blog Market Intelligence /marketintelligence/en/news-insights/blog/managing-trade-credit-exposures-in-times-of-crisis-impact-of-covid19-and-an-oil-price-war content esgSubNav

In This List

Managing Trade Credit Exposures in Times of Crisis Impact of COVID-19 and an Oil Price War


Navigating Private Credit: Payment-in-Kind And Credit Risk Under Macro-Economic And Climate-Related Scenarios


Harnessing the Power of Quantum Computing in Derivatives Trading and Risk Management


Net Zero 2050: How Climate Risk May Reshape the FTSE 100


From Royal Courts to Muddy Fields: Hunter Boot Ltd. goes into administration.

Managing Trade Credit Exposures in Times of Crisis Impact of COVID-19 and an Oil Price War

Staying on top of trade credit exposure is fundamental for companies to help manage working capital and mitigate liquidity issues. This aspect of supply chain management and treasury operations is even more crucial during periods of market volatility and stressed economic conditions. As we saw, for example, many companies within the Oil and Gas industry became insolvent and filed for bankruptcy[1] during the first half of 2020, a time that was characterized by COVID-19 and an oil price war. This period of disruption offers a valuable timeframe to test how an exposure management tool could perform, helping companies assess their exposures to counterparties and minimize losses in the event of defaults.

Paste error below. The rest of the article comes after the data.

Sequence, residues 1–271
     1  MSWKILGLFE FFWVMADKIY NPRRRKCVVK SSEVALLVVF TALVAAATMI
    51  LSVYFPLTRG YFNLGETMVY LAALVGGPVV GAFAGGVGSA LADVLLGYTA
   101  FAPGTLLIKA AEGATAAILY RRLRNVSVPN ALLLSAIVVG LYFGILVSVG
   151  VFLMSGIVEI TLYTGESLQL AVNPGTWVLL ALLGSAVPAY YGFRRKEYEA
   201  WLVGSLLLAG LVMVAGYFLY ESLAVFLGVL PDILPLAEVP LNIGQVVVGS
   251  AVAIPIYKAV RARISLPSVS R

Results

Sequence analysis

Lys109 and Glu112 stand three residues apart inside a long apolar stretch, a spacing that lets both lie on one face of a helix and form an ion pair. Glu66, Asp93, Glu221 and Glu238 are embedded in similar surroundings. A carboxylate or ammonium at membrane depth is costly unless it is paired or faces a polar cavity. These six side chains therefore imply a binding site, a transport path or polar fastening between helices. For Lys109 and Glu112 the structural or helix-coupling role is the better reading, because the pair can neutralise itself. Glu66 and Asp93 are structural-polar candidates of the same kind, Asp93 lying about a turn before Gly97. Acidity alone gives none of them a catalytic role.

In this case study, we show how our MaxLimit framework, available via Credit Analytics  would have performed between January 15, 2020 and June 22, 2020 to assess the recommended maximum exposure for a portfolio of 1,056 public companies in the U.S. Oil and Gas industry. Maximum exposure refers to the total amount of all exposures for a customer (i.e., the total of all payment receivables, invoices, bills, and other trade exposures).

The case study was developed by: (i) maintaining a constant loss capacity of $1 million USD on the total exposure of this portfolio, which is the maximum loss the supplier can tolerate from the exposure losses, and (ii) using a benchmark for the credit risk assessment that is the median probability of default (PD) of this portfolio calculated using our PD Model Market Signals (PDMS).[2] PDMS is a point-in-time credit risk model that dynamically assigns timely flags to anticipate deteriorations in a counterparty’s creditworthiness based on market sentiments and uncertainties, enabling companies to quickly take action when conditions worsen. Using PDMS with MaxLimit during this specific stressed timeframe, we show how a user is able to anticipate market uncertainties and manage exposures prior to major industry events.

Table 1: Key Oil and Gas Industry Events



31 Jan. 2020

6 Mar. 2020

9 Mar. 2020

13 Apr. 2020

20 Apr. 2020

Industry Key Events*

China slowdown

OPEC+ disagreement

Saudi Arabia oil price cut

OPEC+ agreement

Oil price drop

* Please note, only the above key events were selected for the purposes of this article.